Singer Wyclef Jean's controversial encounter with police

The Grammy-winning hip-hop artist was pulled over and handcuffed after being mistaken for a robbery suspect, and now Jean is using his experience to start a critical dialogue.
5:48 | 03/23/17

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Transcript for Singer Wyclef Jean's controversial encounter with police
We have an ABC news exclusive interview with the rapper wyclef Jean, who's talking about a heated encounter with law enforcement. He was stopped and cuffed for a crime he did not commit. He alleged police brutality, but was it? The LAPD have me in cuffs on absolutely nothing. I just turned around, I see all kind of guns drawn on me. So basically in the state of fear for my life -- It was a high-profile casive mistaken identity. Y'all see the police have handcuffs on me, they just took off my Haitian bandana, that's what's going on. Grammy winner wyclef Jean handcuffed and key takened by Los Angeles county sheriff's department early Tuesday morning. I am going to sue you. It happened while the deputies were searching the city for assailants who allegedly robbed and pistol-whipped two people in west Hollywood. Famous for "Fast car" -- ??? the end of the day in a fast car ??? And "Ready or not" -- ??? ??? jail bars ain't golden Gates ??? Jean said he was confronted outside his hotel. Automatically I'm like, people being punk'd here. Sheriffs say Jean was riding in a vehicle similar to the suspects and wearing an outfit and red bandana similar to the description given by the victims. Police say Jean was held approximately six minutes. As soon as we found out he was not the suspect, not the person we were looking for, he was just dressed similarly, he was released. The sheriff's department and wyclef Jean have different accounts of what happened during the encounter. In a statement the department says Jean was handcuffed because of his furtive movements and demeanor that he started to walk toward the trunk of the car though he was instructed not to do so, and had to be ordered several times not to place his hands near his pockets or waist band. All claims that he denies. This is what's beautiful about this, right? The fact that I am alive. And what's also beautiful about this is, there's cameras. There was absolutely no resistance. In a statement released on his behalf just hours after the incident, Jean's publicist wrote the artist was subject to police brutality, racial profiling, police bias, and the ongoing discriminatory practices of law enforcement officials which remain rampant throughout the United States. I don't think there's any evidence of police brutality. Doesn't make him guilty, doesn't make it his fault. But when looking at whether the police should be blamed you have to look at all the facts. It also doesn't make him wrong to be upset about all of this. He has every right to be upset, but he may not have a right to sue the police department for wrongdoing. Do you think there was brutality here? I think that brutality comes in many forms, right? Brutality comes in assassination, character assassination, also. I don't know how it would not be brutality if you're handcuffed. I don't know if you've ever been cuffed in the back. Let me read you one other part of their statement. They say it's unfortunate that Mr. Jean was detained as he had no involvement whatsoever in the violent crime. They go on to say that the los Angeles county sheriff's department is apologetic for any inconvenience this process caused Mr. Jean. Is that good enough for you? The apology that I'm looking for is, I didn't put my hands up. I didn't go to the trunk. To resist the officer. Jean also acknowledges that the deputies, who did later apprehend the suspect they were searching for, were just trying to do their job. I respect law enforcement. Because I have law enforcement in the family. These dudes leave every day not knowing if they're going to come back home. The incident hitting a nerve for many, especially after so many other cases involving innocent black men and law enforcement have ended in tragedy. Please don't tell me this, lord please Jesus, don't tell me he's gone. Last year philando Castille was pulled over in a suburb of St. Paul, Minnesota. The officer relaying via radio Castille matched the description of a robbery suspect. Castille was shot and killed as he reached for his I.D. His girlfriend live streaming the entire ordeal. That officer is now awaiting trial for manslaughter. I think communities of color have a legitimate concern. They've seen enough video of officers' misconduct to shape their opinions. And it obviously has shaped some emotional reactions. While at the same time, we want our cops to go home. We support them. Creating trust between the black community and law enforcement, a goal that wyclef Jean and the former Dallas police chief, David brown, say they both support. Brown was chief when five of his officers were shot by a sniper last summer. After the July 7th incident in Dallas, wyclef called me to offer condolences. He has family members in the law enforcement community, that work in law enforcement. So he has been supportive of law enforcement. But yet when he's stopped by officerstial he has these feelings. I think we ought to listen to that. I've heard it before from communities of color. Have some common ground and some understanding. So the positive part about this is that I'm alive. And I did come out of the car. And I went through this. So I'm just saying, Yo, we really have a problem here. How can we work as a unit, like let's not fight, because you're going to need the police. The police have to protect citizens. You're going to need citizens to trust the police. Once you build that trust, you basically build a real community.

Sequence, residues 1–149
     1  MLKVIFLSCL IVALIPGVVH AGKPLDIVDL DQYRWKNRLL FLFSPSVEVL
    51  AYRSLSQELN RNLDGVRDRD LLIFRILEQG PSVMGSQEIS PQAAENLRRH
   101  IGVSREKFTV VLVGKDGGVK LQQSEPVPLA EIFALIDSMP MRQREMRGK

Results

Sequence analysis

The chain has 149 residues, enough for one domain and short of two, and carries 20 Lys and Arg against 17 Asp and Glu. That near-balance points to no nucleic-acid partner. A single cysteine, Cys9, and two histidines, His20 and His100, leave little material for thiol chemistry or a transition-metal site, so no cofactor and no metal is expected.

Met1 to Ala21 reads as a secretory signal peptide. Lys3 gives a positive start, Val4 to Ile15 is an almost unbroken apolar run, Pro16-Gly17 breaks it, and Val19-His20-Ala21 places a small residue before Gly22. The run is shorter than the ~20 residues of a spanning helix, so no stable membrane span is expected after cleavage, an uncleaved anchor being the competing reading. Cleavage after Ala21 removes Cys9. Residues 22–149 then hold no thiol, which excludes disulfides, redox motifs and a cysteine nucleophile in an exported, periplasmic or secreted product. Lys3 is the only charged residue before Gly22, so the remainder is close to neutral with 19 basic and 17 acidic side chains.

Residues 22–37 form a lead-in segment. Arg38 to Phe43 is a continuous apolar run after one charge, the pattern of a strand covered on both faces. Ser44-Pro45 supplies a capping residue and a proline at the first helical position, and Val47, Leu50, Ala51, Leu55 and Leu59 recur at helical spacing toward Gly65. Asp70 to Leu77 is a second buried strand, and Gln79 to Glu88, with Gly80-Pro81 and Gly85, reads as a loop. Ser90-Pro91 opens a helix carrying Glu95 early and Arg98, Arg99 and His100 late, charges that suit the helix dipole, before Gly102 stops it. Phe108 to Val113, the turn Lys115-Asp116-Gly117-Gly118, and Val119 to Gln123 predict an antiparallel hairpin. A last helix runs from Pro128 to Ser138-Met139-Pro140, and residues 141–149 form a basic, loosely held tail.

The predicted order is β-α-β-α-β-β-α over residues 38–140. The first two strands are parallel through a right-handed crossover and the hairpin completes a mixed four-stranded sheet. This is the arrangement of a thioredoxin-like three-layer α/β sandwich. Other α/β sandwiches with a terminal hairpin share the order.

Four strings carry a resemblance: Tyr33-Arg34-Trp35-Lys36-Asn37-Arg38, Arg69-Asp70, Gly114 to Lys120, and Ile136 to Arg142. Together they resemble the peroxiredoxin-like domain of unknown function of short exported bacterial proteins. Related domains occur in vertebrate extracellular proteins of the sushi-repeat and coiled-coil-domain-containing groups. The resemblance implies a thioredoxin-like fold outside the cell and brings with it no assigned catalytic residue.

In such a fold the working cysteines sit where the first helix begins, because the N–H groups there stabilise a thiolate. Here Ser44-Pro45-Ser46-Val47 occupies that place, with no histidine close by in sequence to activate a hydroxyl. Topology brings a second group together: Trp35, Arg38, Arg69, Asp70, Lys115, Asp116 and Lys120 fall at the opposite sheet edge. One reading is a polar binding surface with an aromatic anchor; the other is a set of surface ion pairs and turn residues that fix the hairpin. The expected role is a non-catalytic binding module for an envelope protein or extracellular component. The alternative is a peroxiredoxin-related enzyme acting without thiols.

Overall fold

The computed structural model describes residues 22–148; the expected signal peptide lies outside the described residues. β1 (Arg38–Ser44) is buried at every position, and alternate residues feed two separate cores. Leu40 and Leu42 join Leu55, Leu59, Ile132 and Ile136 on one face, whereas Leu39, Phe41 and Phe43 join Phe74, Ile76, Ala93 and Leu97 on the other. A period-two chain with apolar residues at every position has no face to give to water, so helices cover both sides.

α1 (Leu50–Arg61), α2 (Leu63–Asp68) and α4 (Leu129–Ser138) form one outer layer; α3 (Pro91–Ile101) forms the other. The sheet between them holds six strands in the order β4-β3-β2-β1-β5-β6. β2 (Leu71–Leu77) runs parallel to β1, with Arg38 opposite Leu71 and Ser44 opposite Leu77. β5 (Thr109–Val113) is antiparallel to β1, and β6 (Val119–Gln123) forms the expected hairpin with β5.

This transcript has been automatically generated and may not be 100% accurate.

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